The calling of a referendum on self-determination by the Catalan government in 2017 triggered a repression wave unseen in 40 years of democracy in Spain. State powers did everything in their power to prevent the vote from happening. However, on October 1st 2017, 2.3 million people went to the polling stations to take part in a referendum inspired by those held in Scotland and Quebec. Unfortunately, unlike the UK or Canada, who allowed both referendums, the Spanish authorities decided to respond with political repression: police brutality, political prisoners & exiles and thousands of prosecuted. In total, more than 3.500 victims of repression for advocating Catalonia’s right to decide its political future.
3.500 victims of Spain’s repression in Catalonia
1.638 PEOPLE INJURED BY THE SPANISH POLICE BRUTALITY
- 1083 citizens injured during the Catalan referendum, mainly voters
- 555 injured in various protests against the prison sentences of the Catalan leaders
9 POLITICAL PRISONERS AND 7 EXILES IN THE EUROPEAN DEMOCRATIC COUNTRIES
- 9 political and social leaders spent 4 years in prison for their role in the referendum
- 7 other leaders went into exile in Belgium, Switzerland and Scotland to avoid reprisals
1.945 PEOPLE FACING CRIMINAL PROCEEDINGS
- 58 convicted for exercising their rights in defense of their political views
- 803 open criminal cases for defending the right to self-determination
- 1.084 chilling effect victims for defending the right of Catalonia to hold a referendum
54 PEOPLE INVESTIGATED BY THE SPANISH COURT OF AUDITORS
The case of Jordi Cuixart
Jordi Cuixart is the former president of Òmnium Cultural, a Barcelona-based NGO dealing with culture and civil rights with almost 200.000 members. He was sentenced to serve 9 years in prison, accused of ‘sedition’ for calling a peaceful demonstration in support of the referendum, exercising the rights to freedom of expression and assembly. He spent almost 4 years in jail for defending human rights. In June 2021 he was pardoned and released thanks to international pressure and protests in Catalonia. But “on condition that he does not commit a serious crime again”. Therefore, the Government clearly considers that his acts were constitutive of a crime of sedition and this conditional pardon looks for a chilling effect. He has filed his case before the European Court of Human Rights.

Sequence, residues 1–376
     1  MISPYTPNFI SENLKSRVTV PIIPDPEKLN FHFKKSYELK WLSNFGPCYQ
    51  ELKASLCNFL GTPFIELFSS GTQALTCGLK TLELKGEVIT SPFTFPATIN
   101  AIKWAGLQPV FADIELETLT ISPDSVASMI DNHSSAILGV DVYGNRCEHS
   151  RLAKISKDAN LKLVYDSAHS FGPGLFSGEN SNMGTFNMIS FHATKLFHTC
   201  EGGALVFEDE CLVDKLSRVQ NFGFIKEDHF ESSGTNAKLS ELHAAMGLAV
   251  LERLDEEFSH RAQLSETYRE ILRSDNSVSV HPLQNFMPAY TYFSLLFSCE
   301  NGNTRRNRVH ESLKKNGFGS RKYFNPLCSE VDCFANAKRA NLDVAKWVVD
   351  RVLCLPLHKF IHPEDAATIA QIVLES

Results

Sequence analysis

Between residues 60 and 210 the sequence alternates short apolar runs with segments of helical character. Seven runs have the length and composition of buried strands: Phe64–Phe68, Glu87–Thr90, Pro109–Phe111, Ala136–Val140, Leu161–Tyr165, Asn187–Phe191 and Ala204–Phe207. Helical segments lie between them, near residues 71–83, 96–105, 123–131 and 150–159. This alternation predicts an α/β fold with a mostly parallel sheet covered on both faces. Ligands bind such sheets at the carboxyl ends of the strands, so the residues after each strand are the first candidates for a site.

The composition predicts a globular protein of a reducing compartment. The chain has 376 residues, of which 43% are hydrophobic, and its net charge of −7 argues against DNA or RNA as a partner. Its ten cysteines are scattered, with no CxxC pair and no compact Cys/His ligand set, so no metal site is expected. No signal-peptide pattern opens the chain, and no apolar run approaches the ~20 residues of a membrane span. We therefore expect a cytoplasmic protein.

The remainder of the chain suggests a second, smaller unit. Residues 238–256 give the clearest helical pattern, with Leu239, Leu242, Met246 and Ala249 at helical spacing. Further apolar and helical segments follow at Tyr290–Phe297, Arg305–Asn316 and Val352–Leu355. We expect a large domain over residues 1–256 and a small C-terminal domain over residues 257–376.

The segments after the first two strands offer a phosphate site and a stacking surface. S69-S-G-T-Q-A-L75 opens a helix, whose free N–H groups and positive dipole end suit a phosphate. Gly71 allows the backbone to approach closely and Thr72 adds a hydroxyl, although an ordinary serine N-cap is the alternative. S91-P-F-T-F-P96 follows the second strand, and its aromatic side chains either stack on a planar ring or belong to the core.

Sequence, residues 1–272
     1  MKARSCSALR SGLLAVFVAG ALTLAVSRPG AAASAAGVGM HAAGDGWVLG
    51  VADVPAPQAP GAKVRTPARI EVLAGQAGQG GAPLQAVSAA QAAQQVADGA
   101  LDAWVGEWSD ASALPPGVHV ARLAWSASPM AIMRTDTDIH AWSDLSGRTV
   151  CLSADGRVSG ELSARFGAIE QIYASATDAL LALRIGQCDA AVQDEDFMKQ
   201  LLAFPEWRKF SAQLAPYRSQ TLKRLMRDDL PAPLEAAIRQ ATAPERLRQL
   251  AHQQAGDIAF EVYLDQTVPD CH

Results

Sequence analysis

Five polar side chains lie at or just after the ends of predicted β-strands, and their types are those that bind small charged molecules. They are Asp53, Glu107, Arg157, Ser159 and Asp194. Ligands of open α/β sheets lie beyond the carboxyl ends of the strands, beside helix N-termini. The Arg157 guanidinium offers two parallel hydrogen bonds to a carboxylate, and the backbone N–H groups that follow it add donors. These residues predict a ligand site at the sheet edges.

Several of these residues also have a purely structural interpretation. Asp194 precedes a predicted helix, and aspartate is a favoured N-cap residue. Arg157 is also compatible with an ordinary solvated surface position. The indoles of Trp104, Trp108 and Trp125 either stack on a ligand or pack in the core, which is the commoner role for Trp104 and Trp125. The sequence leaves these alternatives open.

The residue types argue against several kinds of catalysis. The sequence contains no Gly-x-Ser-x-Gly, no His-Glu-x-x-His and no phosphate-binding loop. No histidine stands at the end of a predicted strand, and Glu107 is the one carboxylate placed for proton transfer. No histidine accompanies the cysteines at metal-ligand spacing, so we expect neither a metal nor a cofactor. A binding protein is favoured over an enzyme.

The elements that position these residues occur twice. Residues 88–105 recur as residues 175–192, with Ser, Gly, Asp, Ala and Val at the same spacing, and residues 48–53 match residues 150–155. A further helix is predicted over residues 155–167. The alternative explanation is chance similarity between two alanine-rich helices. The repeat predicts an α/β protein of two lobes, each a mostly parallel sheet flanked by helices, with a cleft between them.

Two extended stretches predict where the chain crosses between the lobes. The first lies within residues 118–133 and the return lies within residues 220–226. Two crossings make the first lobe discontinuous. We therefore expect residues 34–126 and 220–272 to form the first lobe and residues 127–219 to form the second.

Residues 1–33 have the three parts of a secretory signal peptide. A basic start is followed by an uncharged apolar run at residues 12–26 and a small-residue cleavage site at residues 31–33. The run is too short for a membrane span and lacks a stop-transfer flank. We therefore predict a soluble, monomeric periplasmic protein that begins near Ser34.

Catalonia needs a democratic solution
The political conflict between Catalonia and Spain is very much alive: 80% of Catalans back the idea that Catalonia’s future should be decided democratically by their citizens. Not until the Spanish government gives a political answer to the democratic will of the Catalan people will the conflict be truly channeled towards a resolution.
If you believe in freedom and democracy,